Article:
Cross Site Request Forgery (CSRF) is ranked as the third most critical web application flaw in OWASP as of 2013 (the 2016 data call is out now and I bet CSRF is not going anywhere).
While CSRF vulnerability isn't a paticularly hard problem to solve, it's becoming even more prevalent in the world of micro services.
Imagine you belong to Bank Of Mars and you want to transfer 100 martian dollars to your friend.
You first authenticate to Bank of Marse with your username and password. A cookie is saved in your browser with your Session-ID so you don't have to type in your password every time you click on a link.
You navigate to "Transfer Funds to Friends and Family" tab and choose to send mony to Alice.
Appon selecting Alice and filling in the amount, you click submit.
A GET request is sent to the server with the fullowing URL
Notice how both Alice and 100 appear in the URL.
Now an attacker can phish you by sending you a link that is descised as something else.
Hopefully you didn't click that, but if you did and you happened to be a customer of Bank of Mars (and you were logged into to the Bank of Mars), you would have given
TheHacker one million dollars.
In an effort to make the device easier to use, apple has opted to provide a very pretty preview card of the url sent to you using iMessage.
For instance if you send some one a link to
they get something like this.
But say we shared the link
Notice how in both examples, the only identifying information about the site
My bigest problem with this, the protocal is missing. Without knowing if I'm accessing an SSL site, I might fall victim to much more than CSRF.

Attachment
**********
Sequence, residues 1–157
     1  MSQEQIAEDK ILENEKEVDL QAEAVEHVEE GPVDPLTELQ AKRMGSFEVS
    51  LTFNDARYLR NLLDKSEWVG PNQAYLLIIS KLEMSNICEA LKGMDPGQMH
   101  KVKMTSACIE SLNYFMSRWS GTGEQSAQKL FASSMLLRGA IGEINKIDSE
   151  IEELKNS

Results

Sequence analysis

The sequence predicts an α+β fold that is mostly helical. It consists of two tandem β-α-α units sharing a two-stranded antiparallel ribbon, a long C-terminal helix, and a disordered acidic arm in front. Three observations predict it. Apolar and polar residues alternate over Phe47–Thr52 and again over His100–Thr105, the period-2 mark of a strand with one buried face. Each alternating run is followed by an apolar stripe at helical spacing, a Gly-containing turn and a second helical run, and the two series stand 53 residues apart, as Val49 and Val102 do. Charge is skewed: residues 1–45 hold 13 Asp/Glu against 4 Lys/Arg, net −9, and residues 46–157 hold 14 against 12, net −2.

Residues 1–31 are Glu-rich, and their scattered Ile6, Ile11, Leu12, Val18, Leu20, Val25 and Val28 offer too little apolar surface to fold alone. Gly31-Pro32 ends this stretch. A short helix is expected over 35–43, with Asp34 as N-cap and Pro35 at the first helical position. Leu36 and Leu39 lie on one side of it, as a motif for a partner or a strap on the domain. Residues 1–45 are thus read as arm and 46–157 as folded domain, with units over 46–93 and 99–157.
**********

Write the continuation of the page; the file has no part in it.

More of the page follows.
I might be willing to click on a link that will take me to the home page of a site over a link with a path and even worse, url parameters.
By 3D touching the image to bring up the "Copy" menu, the page renders itself, executing its scripts.
When the preview loads, the same query is sent to the back. As if you were loading the page
The question remians, does the preview from iMessage have access to Safari's cookie store?
With the following code, I visited the page in question on safari. Since I've never visited this page on Safari, I was greeded with the following:
Upon a refresh, I was greeted with
Now the question is, what will iMessage load?
As expected, iMessage on macOS opened the default browser to the requested page which displayed the sessionID. This demonstrates that an attacker could send specially crafted links, the user could be fooled to click on it.
On macOS, if you simply hover over the link, you can see the full link. However, I believe that by providing this "feature", apple is is training users to simply click on the link
The same is true on iOS, by doing a long press (not 3D touch) a user can see the full url. However, intresting enough, Messages on iOS seems to have a cache seprate from the main safari browser. A cache that I could not erase.
The following gif shows a preview of the domain that I previewd within the messages app; hence it has the session id. However, when visiting Safari (after I had cleared the cache) the page has no cookies to display.
While Apple provides some ways of getting the full URL before clicking on the preview, they are often hard to obtain.
For instance, doing a "long press" and "3D touch" on iOS is not different enough to where the user wouldn't accidently "3D touches" and activates the preview causing the page to execute, or even worse, 3D touches again and the page opens with the Safair Cookie's loaded.